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Occupation and Rule in Iraq


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Iraq's Election Result: a Divided Nation (December 21, 2005)

While official election results may take weeks to confirm, preliminary tallies show the Shiite-led United Iraqi Alliance winning well over 50 percent in the Shiite center and south, with Sunni and Kurdish groups winning majorities in their respective regions. In Baghdad, Iraq's leading secular block, Iyad Allawi's Iraqi National List, favored by the US, won only 14 percent of the vote. As the Independentpoints out, the majority of election participants voted as Shiites, Sunnis or Kurds. Instead of being a benchmark of US policy success, as portrayed by President George Bush, Iraq's parliamentary election marks the "final shipwreck" of US and British plans for a pliant, secular, and pro-Western Iraq.

What to Expect in Iraq after the December 15 Elections (December 14, 2005)

According to Power and Interest News Report, the December 15 parliamentary elections will do little to unify Iraq. As a minority, Sunnis will probably not be able to ensure a strong, centralized state, despite high voter turnout. Kurds, though highly unified, represent an even smaller segment and largely seek to consolidate their autonomy. The United Iraqi Alliance, a religious Shiite coalition that holds a majority in Iraq's transitional government, will probably retain many of its seats, though it suffers from internal fractions and dwindling public support in response to its perceived failures. Given Iraq's vague and controversial constitution, it is unlikely that a new government will be able to effectively govern Iraq.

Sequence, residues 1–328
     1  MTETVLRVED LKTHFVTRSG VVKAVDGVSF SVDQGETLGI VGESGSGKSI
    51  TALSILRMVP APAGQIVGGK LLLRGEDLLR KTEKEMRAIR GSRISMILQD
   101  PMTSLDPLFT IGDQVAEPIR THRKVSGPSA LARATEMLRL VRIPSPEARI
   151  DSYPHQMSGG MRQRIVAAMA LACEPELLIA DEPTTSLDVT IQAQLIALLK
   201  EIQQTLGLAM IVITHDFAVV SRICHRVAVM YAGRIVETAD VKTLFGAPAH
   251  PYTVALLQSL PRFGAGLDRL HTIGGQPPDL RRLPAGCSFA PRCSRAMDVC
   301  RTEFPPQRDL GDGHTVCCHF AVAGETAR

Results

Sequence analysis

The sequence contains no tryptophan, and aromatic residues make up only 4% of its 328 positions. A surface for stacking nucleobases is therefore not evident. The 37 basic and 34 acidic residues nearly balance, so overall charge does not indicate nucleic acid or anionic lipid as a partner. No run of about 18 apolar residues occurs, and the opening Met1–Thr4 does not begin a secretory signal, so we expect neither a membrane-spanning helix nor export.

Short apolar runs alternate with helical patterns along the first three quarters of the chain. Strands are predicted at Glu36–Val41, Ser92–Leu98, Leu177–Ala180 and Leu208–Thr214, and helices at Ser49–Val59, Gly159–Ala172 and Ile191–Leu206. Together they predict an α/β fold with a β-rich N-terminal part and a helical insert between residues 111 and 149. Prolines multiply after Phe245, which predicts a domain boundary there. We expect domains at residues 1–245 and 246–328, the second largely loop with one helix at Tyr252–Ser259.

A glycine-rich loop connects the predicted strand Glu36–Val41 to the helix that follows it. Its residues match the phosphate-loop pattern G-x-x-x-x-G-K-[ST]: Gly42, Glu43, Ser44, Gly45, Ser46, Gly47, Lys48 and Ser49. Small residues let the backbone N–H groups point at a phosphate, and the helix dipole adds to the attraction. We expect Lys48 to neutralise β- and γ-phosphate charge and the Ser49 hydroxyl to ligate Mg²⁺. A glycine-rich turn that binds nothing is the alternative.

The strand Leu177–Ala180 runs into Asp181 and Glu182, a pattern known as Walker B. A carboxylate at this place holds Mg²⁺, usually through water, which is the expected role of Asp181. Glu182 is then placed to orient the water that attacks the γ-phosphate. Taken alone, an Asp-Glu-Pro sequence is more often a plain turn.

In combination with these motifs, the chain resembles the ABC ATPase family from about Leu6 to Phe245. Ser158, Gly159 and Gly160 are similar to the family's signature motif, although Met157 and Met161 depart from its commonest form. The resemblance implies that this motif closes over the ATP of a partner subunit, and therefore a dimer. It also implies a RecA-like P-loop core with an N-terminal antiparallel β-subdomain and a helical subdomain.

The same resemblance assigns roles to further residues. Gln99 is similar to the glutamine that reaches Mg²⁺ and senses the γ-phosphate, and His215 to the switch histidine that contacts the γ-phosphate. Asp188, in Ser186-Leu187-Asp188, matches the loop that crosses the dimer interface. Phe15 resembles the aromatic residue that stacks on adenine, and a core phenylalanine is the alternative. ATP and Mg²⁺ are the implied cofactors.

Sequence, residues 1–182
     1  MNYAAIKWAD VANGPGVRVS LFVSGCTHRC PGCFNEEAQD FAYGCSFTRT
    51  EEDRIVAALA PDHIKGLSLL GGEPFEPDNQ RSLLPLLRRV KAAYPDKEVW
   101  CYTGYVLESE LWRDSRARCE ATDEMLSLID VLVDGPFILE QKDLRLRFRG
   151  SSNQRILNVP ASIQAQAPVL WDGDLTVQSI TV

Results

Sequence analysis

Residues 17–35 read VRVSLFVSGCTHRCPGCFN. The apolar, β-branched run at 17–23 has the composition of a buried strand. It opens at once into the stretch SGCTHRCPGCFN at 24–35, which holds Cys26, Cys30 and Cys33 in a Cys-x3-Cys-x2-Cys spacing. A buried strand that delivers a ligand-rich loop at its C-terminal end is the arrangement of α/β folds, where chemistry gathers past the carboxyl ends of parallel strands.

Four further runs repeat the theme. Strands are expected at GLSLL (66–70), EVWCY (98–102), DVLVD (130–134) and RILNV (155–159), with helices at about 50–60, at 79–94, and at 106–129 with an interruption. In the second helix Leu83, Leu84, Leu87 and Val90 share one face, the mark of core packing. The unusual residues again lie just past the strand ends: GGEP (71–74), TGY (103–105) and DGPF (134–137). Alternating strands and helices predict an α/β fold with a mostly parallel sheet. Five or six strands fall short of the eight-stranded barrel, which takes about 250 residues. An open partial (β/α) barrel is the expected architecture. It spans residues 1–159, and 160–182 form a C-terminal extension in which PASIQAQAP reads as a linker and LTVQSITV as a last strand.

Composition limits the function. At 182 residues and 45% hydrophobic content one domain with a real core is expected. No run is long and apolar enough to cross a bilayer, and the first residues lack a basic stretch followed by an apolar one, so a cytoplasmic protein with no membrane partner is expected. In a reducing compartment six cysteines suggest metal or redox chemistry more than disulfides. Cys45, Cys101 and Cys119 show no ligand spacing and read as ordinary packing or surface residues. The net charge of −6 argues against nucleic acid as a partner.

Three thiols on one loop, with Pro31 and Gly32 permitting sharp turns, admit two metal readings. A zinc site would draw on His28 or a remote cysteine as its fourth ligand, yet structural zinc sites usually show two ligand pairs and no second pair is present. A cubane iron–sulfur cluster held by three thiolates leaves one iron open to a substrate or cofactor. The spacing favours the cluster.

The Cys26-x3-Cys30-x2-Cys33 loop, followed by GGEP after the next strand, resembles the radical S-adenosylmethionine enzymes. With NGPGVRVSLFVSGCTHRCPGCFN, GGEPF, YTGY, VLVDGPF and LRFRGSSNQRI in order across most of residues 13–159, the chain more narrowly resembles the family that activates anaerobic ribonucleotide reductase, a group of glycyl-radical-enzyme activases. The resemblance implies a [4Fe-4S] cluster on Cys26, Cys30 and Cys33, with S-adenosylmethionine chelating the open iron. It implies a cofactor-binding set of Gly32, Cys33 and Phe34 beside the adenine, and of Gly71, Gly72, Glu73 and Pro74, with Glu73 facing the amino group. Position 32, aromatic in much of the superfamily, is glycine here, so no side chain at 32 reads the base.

Abuse Cited In 2nd Jail Operated by Iraqi Ministry (December 12, 2005)

Iraqi officials have accused the Interior Ministry of torture and prisoner abuse for the second time in a month following an Iraqi government search of a Baghdad detention center. The new abuses involve13 prisoners with broken bones, cigarette burns, and extracted finger nails, and are in general more severe than earlier cases. As with the previous abuse case, the prisoners were mostly Sunnis, in the custody of the Shiite-dominated Interior Ministry. Despite calling for an investigation, the Iraqi government has not taken any disciplinary action, and US officials remain divided over the responsibility of US troops to interfere. (Washington Post)

Kurdish Oil Deal Shocks Iraq's Political Leaders (December 1, 2005)

The Kurdistan Democratic Party has signed a deal with Norwegian oil firm DNO over new oil exploration and drilling in the semi-autonomous Kurdish region of Iraq. The agreement, one of the first of its kind since the US-led invasion in 2003, was made without the involvement of Iraq's central government. Given Iraq's sectarian tensions and ambiguous constitution, the deal highlights the potential controversies between the regional and central governments over energy policy and oil control. (Los Angeles Times)